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Bovine Spongiform Encephalopathy Maternal Cohort Study—Exploratory Analysis

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The bovine spongiform encephalopathy (BSE) maternal cohort study supports a role both for direct maternal transmission and for inherited genetic susceptibilty to the BSE agent. Additional data from the main BSE database do not resolve whether the risk of direct maternal transmission of BSE from dam to calf is concentrated in the interval within 5 months before the onset of BSE in the dam, as data from the BSE maternal cohort study suggest. The reason for this is that we cannot rely, as our analysis requires, on the survival of calves or traceability of the dam being independent of the interval from the birth of a calf to onset of BSE in the dam. Accordingly, for the present, we place most weight on evidence from the BSE maternal cohort study. Direct maternal transmission of the BSE agent from dam to calf has not been ruled out; vertical transmission of the new variant Creutzfeldt–Jakob disease (NVCJD) from mother with NVCJD to baby is therefore also possible. Actions to quantify, and minimize, the transmission risk, if any, from a mother with NVCJD to her baby, or to delivery teams, should be taken without delay.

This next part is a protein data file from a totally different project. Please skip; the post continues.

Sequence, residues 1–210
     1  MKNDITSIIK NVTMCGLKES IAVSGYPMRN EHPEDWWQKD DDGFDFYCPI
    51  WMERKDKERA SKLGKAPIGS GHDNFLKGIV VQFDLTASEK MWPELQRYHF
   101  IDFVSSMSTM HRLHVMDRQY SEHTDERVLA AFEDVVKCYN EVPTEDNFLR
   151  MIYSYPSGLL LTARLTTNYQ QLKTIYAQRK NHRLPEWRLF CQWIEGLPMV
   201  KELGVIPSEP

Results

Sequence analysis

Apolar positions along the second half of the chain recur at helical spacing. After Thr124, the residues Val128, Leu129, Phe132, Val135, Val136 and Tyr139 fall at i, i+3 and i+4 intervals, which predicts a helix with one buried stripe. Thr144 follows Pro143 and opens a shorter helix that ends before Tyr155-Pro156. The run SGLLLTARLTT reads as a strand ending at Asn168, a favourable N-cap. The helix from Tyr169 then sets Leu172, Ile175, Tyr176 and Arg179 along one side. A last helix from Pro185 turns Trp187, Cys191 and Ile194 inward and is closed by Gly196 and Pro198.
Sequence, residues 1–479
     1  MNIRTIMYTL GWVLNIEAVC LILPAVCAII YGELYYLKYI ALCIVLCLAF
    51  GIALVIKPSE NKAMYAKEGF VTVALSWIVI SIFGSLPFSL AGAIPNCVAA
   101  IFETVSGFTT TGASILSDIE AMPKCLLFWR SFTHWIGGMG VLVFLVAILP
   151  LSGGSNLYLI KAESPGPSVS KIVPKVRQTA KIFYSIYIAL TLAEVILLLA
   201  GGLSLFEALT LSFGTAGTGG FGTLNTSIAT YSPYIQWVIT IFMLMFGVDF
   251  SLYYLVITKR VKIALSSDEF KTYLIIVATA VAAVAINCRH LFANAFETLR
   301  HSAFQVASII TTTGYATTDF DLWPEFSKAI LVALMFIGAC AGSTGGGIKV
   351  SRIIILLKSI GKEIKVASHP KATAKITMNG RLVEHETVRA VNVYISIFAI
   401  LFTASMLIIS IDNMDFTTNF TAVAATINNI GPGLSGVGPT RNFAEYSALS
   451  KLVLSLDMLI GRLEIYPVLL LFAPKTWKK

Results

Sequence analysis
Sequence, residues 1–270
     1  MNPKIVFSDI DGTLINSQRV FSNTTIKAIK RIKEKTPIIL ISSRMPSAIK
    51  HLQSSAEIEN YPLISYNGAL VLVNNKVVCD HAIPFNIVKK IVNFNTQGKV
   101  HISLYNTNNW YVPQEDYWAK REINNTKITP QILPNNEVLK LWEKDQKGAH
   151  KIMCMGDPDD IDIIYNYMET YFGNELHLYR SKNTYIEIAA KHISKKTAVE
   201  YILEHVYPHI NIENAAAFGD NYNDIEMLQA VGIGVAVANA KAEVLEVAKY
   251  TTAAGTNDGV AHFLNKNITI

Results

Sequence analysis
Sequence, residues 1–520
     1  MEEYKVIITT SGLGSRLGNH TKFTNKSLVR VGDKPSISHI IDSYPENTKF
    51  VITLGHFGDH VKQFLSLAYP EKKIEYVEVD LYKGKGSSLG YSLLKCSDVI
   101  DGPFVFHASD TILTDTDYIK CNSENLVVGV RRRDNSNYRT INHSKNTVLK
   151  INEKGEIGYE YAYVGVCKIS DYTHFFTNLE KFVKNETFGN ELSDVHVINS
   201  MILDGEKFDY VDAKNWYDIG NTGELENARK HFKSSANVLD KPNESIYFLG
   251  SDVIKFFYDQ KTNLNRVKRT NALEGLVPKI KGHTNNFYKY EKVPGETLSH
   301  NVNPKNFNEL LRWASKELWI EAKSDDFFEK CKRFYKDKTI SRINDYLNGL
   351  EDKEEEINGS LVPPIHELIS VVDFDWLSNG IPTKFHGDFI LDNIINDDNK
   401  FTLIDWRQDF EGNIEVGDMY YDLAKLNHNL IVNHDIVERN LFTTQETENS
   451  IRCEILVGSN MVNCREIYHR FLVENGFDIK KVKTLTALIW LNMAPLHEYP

Keywords: Bovine spongiform encephalopathy; Dam-to-calf transmission; Inherited susceptibility; New variant Creutzfeldt–Jakob disease; Vertical transmission

Document Type: Original Article


Affiliations: 1: Medical Research Council Biostatistics Unit, Cambridge, UK, 2: Central Veterinary Laboratory, Addlestone, UK

Publication date: January 1, 1997


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